Gustavo Petro approaches Gabriel Boric | International
Gustavo Petro, the rival to beat that marks the pace of the presidential campaign in Colombia, is already in Chile. The left-wing leader, a striking guest this Friday at the investiture of Gabriel Boric, crowns with his visit a particularly active international agenda on the eve of Sunday’s legislative elections, in which the coalition that supports him must endorse the favoritism he has shown in the polls. The candidate for the Historical Pact has divided his time this year between the electoral debates, going out to massive events in the public square and several trips abroad to meet with personalities that have allowed him to soften his image.
Petro has already met, among others, at the Holy See with Pope Francis and in Madrid with Pedro Sánchez, the President of the Government of Spain, and several ministers from his cabinet. Those interviews, in particular, generated a small political storm in Colombia and annoyed the Executive of the conservative Iván Duque, who then requested similar treatment for all candidates. The president is visiting the United States and will not attend Boric’s inauguration, to which he sent a second-tier delegation.
Although the two leaders already had a first conversation in December, Duque’s absence contrasts with the harmony he has exhibited on several occasions with the outgoing president, Sebastián Piñera. In Colombia, his visit to the border city of Cúcuta in February 2019 on the occasion of the failed attempt to enter aid into Venezuela by opposition leader Juan Guaidó is well remembered.
Similar to his agenda in Spain, Petro met this Thursday at the University of Chile, in Santiago, with several members of Boric’s cabinet. Among others, the spokeswoman for the new government, the former communist deputy Camila Vallejo; the head of the Secretary General of the Presidency, Giorgio Jackson; the Minister of Health, María Begoña; and Maya Fernández Allende, Minister of Defense and granddaughter of Salvador Allende. The group is part of the circle closest to Boric, who will receive Petro this Friday. “We have come together in a series of very interesting theses, with the essentially feminist and feminine cabinet, and in a government that intends to be part, hopefully with us, hopefully with Brazil, of a new Latin American leadership,” she declared. In a recent interview, Boric put Petro into a “tremendously interesting axis” made up of Bolivian Luis Arce and Brazilian Lula da Silva.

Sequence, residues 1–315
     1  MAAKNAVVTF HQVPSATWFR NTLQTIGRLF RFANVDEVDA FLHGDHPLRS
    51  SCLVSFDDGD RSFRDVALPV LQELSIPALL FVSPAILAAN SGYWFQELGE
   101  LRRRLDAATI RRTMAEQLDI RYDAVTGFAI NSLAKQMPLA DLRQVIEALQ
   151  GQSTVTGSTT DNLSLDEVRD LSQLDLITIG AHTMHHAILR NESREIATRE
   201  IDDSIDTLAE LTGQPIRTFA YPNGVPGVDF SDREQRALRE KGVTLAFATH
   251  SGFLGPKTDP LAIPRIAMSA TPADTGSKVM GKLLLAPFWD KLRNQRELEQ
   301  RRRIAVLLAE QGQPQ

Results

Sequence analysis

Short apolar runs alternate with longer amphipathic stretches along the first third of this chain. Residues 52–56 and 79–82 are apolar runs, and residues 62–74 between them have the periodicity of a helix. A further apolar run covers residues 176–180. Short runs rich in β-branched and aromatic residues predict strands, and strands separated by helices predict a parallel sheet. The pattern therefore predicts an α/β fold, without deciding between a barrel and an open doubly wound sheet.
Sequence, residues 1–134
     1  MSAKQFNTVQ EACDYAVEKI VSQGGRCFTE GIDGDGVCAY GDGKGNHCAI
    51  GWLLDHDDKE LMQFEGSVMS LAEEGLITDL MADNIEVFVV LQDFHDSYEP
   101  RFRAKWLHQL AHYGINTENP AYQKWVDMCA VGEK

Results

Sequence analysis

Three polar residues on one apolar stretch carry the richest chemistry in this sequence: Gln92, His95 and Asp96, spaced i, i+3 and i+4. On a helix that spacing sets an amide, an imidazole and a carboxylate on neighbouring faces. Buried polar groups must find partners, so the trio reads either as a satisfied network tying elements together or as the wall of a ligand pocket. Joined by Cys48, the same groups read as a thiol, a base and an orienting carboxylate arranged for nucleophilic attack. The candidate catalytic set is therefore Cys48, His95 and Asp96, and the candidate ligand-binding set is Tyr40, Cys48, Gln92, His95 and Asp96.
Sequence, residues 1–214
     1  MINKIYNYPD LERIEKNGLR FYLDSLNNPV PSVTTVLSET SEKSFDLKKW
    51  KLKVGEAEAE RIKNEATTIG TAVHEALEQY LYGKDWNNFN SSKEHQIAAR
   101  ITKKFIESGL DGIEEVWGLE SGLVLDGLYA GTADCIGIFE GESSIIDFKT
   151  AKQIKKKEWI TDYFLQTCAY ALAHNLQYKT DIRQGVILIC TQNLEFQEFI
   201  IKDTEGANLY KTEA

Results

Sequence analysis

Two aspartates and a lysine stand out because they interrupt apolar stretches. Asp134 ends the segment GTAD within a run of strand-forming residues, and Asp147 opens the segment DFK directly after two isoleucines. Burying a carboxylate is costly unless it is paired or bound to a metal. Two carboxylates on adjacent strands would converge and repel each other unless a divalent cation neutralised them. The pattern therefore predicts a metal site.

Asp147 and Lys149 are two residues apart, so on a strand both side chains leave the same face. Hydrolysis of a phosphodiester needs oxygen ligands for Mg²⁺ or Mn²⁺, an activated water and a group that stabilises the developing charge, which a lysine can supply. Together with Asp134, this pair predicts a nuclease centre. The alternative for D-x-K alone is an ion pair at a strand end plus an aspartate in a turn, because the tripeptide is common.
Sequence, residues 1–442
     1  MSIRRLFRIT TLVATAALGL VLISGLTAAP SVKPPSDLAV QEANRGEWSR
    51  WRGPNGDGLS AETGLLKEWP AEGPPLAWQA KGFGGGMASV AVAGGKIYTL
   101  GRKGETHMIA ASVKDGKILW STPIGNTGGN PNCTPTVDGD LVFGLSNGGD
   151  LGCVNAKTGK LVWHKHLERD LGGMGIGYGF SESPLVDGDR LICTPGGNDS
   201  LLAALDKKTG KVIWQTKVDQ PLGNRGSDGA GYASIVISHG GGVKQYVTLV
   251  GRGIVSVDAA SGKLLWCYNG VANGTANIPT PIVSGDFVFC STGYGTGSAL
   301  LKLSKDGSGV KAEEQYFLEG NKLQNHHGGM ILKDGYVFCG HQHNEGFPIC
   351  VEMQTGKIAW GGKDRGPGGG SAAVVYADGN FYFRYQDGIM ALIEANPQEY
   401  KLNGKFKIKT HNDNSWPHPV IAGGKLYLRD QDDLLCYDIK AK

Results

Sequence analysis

At just 36 years old, Boric will be the youngest president in the history of Chile and enjoys sympathy in the region. The former student leader wants to expand the role of the State towards a welfare model and is a staunch critic of the neoliberal model, in which he agrees with Petro. The Chilean, however, will lead a feminist government with a team of 14 women and 10 men, while Petro has maintained a problematic relationship with the feminist movement throughout his campaign.
The former mayor of Bogotá, who in his youth belonged to the extinct M-19 guerrilla, still arouses resistance in various sectors of society. Although he lost in the second round against President Duque four years ago, he obtained more than eight million votes (43%), and in practice has been campaigning ever since. On this occasion, this active foreign agenda has allowed him to rub shoulders with other leaders and project a more presidential image, while the other pre-candidates, who for now are about twenty, have been limited to referring to foreign policy issues in the electoral debates without leaving the country.
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Along the way, the candidate for the Historic Pact has sought to distance himself from any link with the Chavista regime in neighboring Venezuela, with which his opponents insist on associating him. Petro has proposed stopping oil exploration as part of a transition to a decarbonized economy, and argues that this is contrary to the Venezuelan model. In contrast, he has sought to be linked to Boric.
“Petro is trying very skillfully to establish recognition at the international level that the entire right-wing campaign to stigmatize him and associate him with Castrochavism has sought to ignore,” says Arlene Tickner, professor of international relations at the Universidad del Rosario, in Bogotá. “Unlike the other candidates, it should be recognized that it is an intelligent strategy that has been interesting. It remains to be seen how this affects the perceptions of him at the national level, since the international plays little role in the decisions of voters, here and around the world.”
Boric’s investiture takes place just two days before the Colombian legislative elections, which coincide with the so-called inter-party consultations, a kind of primaries in which the three coalitions that bring together the large blocks of the left, center and right define their candidates. presidential. In the strictest sense, Petro is still a candidate, but no observer doubts that he will win the consultation of the Historical Pact, a motley alliance tailored to him. The next May 29 will be the first round of the presidential elections and, if no candidate obtains more than half of the votes, there will be a second round on June 19.
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